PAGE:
The Art Resource series will be the first post in each calendar month. Remember - these Art Resource posts span information that will be useful for a home hobbyist to that required by a final year University Fine-Art student and so undoubtedly, some parts of any Art Resource post may appear far too technical for your needs (skip over those mind boggling parts) and in other parts, it may be too simplistic with respect to your level of knowledge (ditto the skip). The trade-off between these two extremes will mean that Art Resource posts will hopefully be useful in parts to most, but unfortunately may not be satisfying to all!

Man-made products have the advantage of being sold by the yard in various widths and gauges (thickness) and they are uniform throughout. The cost varies with the fabric but the end product is usually cheaper when constructed from a man-made product rather than from a natural product such as leather. Today’s post focuses on films.

Plastic dresses.

Films are plain or expanded. The plain film is firm, dense and of uniform consistency, while the expanded film is spongy, softer and plumper due to tiny air cells made by a blowing agent incorporated in the vinyl compound. The expanded films are less resistant to abrasion compared to plain films. Expanded films are leather like in appearance and are used wherever leather is used.

A 3D computer printed plastic dress that flows like fabric.

Plastic “fabrics” are of two types: unsupported film and supported film. The supported film has a woven, bonded or knit fabric backing. It is more expensive than unsupported film, but it has greater sewability and is less apt to tear along the seams or where it is tacked to furniture.

Plastic-coated fabric. The acrylic-coated fabric is easy to keep clean.

Most films or film coatings are made of resins of polyvinylchloride, polyurethane or polyethylene. Mylar film, a polyester, has been used as a coating on leather shoes to give luster and greatly increased durability.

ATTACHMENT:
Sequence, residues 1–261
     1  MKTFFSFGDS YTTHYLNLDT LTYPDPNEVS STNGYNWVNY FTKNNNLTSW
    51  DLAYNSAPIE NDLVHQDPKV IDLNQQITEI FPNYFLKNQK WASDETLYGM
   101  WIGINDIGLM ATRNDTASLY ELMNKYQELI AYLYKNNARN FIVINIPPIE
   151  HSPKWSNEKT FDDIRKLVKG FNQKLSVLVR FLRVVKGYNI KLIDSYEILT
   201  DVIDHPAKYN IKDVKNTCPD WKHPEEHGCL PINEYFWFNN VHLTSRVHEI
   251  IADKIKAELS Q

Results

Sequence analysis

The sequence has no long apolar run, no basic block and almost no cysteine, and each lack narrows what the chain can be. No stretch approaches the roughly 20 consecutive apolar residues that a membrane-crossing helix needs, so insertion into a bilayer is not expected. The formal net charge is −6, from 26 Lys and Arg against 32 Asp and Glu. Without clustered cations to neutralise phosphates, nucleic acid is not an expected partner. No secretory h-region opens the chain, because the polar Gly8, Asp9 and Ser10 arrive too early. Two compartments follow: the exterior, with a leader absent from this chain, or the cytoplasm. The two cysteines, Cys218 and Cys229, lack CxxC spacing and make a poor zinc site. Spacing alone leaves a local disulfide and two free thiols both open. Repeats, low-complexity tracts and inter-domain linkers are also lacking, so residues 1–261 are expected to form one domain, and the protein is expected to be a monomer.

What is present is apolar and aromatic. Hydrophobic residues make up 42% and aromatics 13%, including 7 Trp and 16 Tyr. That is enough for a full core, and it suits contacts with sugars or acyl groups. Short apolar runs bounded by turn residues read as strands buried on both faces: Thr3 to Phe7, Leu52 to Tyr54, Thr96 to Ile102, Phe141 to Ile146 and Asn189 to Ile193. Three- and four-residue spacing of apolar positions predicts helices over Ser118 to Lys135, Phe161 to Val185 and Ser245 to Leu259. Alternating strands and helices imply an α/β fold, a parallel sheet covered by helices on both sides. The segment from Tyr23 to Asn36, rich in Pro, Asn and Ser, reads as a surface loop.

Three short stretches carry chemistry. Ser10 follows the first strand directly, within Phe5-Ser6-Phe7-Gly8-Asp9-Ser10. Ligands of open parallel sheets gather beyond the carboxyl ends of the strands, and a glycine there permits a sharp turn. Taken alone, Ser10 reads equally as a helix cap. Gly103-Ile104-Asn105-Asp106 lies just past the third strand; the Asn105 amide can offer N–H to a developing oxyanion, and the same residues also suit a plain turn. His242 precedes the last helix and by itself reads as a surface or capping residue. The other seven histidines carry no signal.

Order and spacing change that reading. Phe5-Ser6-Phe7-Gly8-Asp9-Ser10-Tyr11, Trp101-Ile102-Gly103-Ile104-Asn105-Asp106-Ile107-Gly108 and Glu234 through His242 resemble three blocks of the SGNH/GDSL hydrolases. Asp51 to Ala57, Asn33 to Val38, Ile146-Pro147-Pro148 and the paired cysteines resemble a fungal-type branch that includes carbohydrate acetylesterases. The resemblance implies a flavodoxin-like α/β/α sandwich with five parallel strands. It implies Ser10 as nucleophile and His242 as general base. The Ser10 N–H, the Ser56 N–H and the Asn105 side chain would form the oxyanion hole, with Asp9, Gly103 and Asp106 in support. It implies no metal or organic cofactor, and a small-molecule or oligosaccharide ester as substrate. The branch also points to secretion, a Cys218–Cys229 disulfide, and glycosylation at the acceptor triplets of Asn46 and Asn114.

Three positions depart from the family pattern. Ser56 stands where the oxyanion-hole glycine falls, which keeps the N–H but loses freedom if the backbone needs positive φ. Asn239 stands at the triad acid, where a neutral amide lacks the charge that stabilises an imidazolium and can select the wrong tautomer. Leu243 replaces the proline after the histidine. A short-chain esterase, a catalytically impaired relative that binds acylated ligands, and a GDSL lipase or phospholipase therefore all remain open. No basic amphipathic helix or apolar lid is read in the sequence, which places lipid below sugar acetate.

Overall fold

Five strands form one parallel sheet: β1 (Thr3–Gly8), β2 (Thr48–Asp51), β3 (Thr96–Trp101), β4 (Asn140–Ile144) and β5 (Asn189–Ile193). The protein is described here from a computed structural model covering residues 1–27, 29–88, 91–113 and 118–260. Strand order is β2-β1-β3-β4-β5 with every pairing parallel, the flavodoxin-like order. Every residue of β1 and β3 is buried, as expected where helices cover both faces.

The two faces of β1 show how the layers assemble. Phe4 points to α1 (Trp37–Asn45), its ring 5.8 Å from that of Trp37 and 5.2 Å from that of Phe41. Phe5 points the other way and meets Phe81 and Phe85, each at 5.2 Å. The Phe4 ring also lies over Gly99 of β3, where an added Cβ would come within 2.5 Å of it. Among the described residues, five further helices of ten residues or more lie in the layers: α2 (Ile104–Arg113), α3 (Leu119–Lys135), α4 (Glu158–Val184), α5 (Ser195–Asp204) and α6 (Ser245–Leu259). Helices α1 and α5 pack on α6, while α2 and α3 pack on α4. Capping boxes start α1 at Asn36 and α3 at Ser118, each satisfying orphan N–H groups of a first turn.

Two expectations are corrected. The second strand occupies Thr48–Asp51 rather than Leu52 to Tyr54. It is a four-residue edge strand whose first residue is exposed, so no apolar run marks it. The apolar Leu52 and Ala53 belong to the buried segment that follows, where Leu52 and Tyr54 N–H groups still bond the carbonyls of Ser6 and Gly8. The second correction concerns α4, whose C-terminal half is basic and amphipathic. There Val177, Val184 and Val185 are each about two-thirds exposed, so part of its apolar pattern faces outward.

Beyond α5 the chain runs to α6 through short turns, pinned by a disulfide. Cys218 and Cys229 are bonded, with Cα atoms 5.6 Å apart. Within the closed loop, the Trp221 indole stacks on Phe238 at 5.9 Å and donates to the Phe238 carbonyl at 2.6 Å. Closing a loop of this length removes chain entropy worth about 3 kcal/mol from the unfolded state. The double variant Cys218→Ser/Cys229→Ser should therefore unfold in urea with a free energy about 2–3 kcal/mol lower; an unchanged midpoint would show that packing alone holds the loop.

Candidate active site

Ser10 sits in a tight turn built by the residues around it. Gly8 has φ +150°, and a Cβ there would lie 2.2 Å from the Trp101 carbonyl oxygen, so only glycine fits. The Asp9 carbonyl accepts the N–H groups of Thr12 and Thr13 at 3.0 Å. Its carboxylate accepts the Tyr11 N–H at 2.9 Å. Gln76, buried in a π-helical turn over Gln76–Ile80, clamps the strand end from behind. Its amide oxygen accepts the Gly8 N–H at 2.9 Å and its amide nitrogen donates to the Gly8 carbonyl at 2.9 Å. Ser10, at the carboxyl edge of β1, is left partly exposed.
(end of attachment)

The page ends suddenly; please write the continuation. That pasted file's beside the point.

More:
Mylar coated leather high heel shoes.

Plastic films are made by the following methods:
(i) Extruding a solution through long, very narrow slits into warm air or a liquid-hardening bath. This is very similar to the methods of making fiber.
(ii) Casting a solution on a large revolving drum, where it dries and is then stripped off.
(iii) Calendering or pressing a moulded powder between hot rolls, which exert tons of pressure and so transforms it into film.

If the film is applied to the fabric, the film is formed on the calender. The fabric is inserted and the hot plastic is pressed on it.

Shiny and sleek, this metallic slicker features a removable hood, which reveals an always-chic stand collar; stand collar with detachable hood; long sleeves with button-tab details; concealed snap front; slash pockets; belt tab at back of waist; inverted pleat at back hem; lined; about 33"" from shoulder to hem; polyurethane-coated polyester.

Plastic films and coated fabrics can be embossed to resemble any woven fabric or any grain leather. Overall flocking is done to give a suede look.

Plastic suede jacket in red.

The advantages of plastics are the ease of maintenance, resistance to soil, good wrinkle recovery, high durability, waterproofness and low cost. They can vary in thickness from very thin, transparent film to heavy leatherette.

Crinkle moto leatherette jacket.

Disadvantages center on the unpleasant door present in some vinyl plastics, stiffening at low temperatures, shrinking at high temperatures, and cracking as a result of volatilization of the plasticizer.

Vinyl plastics are color scavengers. The plasticizing agents used often dissolve color from textiles in contact with the vinyl, causing stains on the vinyl that are impossible to remove. When this happens there is a tendency to blame the other textile rather than the culprit – vinyl.

Vinyl films tend to shrink and stiffen when dry-cleaned. Unless the label on the garment says “dry cleanable” the best method of cleaning is washing using a washing formula suited to the fabric with which the vinyl is combined.

Almost everything one can think of is made or can be made of plastic. No other material is as good for waterproof apparel, hospital bed coverings, and baby pants. For leather like apparel, handbags, shoes, luggage etc., plastic makes the "leather-look" available to all. In home furnishings, the end uses are many – place mats, table linens, upholstery, slipcovers, draperies etc.

Pet dog clothes - waterproof slicker dust coat hoodie jumpsuit raincoat.

[1] N. Hollen and J. Saddler, Textiles, 3rd Edition, MacMillan Company, London (1968).